Well, yeah, I mean Elvis Costello...the music he was playing at the time was just revved up pub rock. And then, The Clash... I mean putting Suicide in front of either of those audiences...I can only imagine...
Yeah, yeah....the fans that booed them...that was more of a statement on them than on suicide. And that turned out to be true. Suicide eventually proved to be one of the most important bands of that moment. And into the '80s and today. Publications like Pitchfork will say things like, “This is the group that started this and that and trance and ambient...”
Your history has been that of a promo man. How difficult is it to keep your enthusiasm up when you believe in a group but you see the reaction that they're getting. Did you ever feel a personal failure?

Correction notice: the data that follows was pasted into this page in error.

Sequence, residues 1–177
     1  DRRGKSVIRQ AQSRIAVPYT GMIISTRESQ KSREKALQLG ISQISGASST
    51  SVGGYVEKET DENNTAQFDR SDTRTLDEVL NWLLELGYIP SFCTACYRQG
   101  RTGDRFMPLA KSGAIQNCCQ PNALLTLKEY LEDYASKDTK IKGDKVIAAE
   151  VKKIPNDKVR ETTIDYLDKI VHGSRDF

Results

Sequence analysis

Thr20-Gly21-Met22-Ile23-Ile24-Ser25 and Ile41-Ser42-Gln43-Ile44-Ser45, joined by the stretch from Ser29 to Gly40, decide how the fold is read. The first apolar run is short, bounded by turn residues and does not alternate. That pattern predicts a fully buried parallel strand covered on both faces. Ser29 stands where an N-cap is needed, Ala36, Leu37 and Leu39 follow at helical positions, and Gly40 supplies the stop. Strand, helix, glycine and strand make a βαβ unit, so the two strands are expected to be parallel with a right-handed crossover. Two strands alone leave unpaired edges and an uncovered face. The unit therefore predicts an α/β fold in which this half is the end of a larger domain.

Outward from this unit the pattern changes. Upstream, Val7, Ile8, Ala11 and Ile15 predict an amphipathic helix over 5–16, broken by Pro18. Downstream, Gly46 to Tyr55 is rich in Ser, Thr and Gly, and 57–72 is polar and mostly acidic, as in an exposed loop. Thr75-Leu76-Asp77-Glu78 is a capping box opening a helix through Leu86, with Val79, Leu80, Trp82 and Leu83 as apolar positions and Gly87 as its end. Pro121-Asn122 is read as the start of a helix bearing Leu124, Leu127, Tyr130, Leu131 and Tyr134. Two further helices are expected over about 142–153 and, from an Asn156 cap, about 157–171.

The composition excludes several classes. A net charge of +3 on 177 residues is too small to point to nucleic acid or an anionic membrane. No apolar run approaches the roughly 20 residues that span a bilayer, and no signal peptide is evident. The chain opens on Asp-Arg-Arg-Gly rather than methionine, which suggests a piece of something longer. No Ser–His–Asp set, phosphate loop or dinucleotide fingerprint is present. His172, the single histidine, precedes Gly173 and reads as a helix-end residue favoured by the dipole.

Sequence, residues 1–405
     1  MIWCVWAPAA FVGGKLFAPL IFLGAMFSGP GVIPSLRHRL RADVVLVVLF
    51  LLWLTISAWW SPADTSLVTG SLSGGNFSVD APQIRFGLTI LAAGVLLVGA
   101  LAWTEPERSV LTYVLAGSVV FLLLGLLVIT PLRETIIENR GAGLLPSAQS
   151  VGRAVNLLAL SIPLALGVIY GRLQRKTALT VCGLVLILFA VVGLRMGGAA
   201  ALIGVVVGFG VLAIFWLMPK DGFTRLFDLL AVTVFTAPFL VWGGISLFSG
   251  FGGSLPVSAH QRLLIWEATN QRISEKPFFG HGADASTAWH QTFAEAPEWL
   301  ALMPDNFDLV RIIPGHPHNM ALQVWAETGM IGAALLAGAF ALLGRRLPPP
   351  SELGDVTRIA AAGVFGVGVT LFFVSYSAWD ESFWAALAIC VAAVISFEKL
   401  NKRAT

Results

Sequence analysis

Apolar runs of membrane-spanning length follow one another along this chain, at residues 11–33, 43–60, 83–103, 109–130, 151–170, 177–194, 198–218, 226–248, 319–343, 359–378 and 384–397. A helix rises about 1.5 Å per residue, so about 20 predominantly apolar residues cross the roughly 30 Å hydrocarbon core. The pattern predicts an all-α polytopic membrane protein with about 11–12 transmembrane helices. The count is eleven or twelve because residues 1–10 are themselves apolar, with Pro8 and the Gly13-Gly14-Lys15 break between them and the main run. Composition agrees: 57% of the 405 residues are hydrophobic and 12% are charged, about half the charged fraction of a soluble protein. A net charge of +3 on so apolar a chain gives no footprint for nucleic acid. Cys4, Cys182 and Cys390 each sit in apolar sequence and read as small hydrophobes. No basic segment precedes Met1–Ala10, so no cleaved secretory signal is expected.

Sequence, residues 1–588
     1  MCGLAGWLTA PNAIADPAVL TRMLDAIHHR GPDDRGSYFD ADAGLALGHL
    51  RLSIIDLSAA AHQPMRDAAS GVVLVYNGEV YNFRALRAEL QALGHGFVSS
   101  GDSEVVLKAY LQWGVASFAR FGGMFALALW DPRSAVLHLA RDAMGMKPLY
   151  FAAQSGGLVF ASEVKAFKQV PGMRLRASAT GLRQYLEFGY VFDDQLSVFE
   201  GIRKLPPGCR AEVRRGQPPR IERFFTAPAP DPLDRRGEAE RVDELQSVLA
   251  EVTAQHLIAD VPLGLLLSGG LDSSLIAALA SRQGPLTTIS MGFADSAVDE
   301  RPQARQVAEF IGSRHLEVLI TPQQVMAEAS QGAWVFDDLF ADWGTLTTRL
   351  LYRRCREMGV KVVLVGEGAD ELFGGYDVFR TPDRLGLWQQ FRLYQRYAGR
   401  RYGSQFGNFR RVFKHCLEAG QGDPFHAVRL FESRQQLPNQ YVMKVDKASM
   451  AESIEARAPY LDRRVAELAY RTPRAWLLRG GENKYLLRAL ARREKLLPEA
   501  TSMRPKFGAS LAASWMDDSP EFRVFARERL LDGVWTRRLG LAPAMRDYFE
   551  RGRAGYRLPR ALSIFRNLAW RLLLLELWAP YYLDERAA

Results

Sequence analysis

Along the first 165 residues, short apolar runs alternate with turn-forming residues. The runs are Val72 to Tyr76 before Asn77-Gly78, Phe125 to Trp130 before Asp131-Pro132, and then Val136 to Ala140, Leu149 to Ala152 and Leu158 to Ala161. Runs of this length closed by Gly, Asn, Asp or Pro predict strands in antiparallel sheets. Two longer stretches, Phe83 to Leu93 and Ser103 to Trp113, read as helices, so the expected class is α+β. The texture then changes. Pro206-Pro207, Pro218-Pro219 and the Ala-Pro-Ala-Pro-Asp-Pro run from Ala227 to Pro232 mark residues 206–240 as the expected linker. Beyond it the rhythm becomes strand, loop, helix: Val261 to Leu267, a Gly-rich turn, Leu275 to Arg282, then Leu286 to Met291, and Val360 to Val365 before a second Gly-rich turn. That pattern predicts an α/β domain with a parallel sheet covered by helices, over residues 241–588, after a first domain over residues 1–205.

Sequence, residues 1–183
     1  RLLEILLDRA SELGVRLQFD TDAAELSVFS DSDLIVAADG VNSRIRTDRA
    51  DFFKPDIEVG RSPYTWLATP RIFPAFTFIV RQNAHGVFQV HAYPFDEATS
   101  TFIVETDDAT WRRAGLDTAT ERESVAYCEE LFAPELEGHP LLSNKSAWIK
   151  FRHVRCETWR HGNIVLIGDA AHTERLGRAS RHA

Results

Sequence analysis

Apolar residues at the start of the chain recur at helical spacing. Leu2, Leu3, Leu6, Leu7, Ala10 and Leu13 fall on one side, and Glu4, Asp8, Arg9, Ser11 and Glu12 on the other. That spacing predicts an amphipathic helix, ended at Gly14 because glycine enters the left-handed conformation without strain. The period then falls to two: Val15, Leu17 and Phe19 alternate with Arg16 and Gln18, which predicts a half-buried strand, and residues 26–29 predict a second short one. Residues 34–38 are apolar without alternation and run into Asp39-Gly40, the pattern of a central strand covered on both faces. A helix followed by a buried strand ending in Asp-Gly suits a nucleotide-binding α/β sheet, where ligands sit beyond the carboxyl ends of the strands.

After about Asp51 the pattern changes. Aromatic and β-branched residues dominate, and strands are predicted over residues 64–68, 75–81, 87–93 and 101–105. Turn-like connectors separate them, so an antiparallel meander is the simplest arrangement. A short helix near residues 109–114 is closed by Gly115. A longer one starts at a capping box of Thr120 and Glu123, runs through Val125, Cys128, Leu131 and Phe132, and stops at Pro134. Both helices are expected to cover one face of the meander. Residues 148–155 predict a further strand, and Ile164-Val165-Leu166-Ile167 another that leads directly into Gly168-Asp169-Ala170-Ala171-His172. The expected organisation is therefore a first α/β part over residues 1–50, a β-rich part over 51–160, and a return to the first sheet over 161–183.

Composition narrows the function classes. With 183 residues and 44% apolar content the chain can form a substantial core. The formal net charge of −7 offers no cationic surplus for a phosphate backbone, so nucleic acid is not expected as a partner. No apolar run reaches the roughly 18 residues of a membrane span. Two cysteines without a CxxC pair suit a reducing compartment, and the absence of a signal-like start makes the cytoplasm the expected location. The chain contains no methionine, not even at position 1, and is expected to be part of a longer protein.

You gotta believe. You gotta believe in what you're doing. Then you gotta stick with it and take the good with the bad. But you gotta believe you made the right choices and, in time, sooner or later it will be evident. That's the way I've always felt. I didn't have any questions or doubts about Suicide I just figured it would be a matter of “when” and they'd be recognized for what they do. And the Dolls...as far as I was concerned, I thought the Dolls were one of the most influential bands of the '70s. And Suicide, although [their debut] came out in the late '70s, were one of the most influential bands of the '80s. I believe I found two seminal bands. Two bands of greatness for their moment in time.
I believe that's true, too. And another one you worked with, Blondie.
Yeah, I worked with Blondie, did those Ramones songs and did The Fleshtones.
I wanted to talk to you about your involvement with Blondie. Do I have the story correct? That you were the one who recorded and produced the “X-Offender” demo?